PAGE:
What are the benefits of remote working?

Employees value remote working because it helps them to create a good work-life balance and avoid a potentially stressful commute. Being on time for work or a meeting is much easier if you aren't stuck in traffic or on a delayed train. Your team can work flexibly around family commitments and work at a time to suit them, within reason. Employees who feel that their employers support them in taking an active role in family life are more likely to be happy at work and to stay in their role rather than look for a new opportunity elsewhere.

Employers also discovered that working remotely increased productivity and profitability and reduced absenteeism. An employee who isn't well enough to travel into the office can log on from home. Businesses can also downsize; while you may need some office space occasionally or for specific work operations, your company can save money on rent and utilities by moving to a smaller building.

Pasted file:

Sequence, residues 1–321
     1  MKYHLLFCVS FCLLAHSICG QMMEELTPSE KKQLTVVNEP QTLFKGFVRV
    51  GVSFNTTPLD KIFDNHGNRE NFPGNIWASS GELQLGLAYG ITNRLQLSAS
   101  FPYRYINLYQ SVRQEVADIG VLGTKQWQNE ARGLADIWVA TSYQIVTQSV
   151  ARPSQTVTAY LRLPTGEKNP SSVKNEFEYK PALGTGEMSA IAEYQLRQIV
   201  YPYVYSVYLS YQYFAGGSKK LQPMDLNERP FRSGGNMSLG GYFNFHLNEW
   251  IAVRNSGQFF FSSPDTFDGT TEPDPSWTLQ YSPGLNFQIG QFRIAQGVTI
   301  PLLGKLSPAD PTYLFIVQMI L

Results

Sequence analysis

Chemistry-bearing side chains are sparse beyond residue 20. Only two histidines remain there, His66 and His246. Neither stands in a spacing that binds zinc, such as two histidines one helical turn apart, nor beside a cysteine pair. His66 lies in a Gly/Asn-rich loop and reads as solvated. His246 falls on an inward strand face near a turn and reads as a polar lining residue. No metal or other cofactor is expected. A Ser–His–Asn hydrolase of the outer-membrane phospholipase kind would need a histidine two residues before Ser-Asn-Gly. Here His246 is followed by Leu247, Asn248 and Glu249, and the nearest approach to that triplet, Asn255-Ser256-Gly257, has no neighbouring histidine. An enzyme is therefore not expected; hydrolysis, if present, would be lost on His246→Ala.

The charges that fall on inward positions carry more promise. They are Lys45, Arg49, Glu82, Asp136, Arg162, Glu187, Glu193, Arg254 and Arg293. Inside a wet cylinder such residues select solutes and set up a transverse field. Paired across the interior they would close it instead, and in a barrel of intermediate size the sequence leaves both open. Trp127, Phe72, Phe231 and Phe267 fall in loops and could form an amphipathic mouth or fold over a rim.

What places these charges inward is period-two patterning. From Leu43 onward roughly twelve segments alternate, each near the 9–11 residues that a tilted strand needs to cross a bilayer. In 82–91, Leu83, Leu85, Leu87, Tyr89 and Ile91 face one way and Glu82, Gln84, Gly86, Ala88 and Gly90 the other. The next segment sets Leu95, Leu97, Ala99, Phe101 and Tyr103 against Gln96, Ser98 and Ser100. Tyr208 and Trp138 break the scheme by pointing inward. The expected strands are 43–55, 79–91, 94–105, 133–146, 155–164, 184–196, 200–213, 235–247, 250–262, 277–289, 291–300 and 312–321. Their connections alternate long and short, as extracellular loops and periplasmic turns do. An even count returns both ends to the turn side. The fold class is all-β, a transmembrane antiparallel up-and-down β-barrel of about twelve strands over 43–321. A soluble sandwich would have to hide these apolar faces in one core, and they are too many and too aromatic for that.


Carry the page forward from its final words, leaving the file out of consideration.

Why do employers need to get employees back into the office?

There are clear advantages to remote working, so why are many employers keen to get their staff back into the office environment? Major corporations such as Disney, Twitter and KPMG require their team to return to full-time work in the office and fewer days working remotely at home. Even companies who had warmed to the idea of a mixture of remote and office-based work have changed their minds.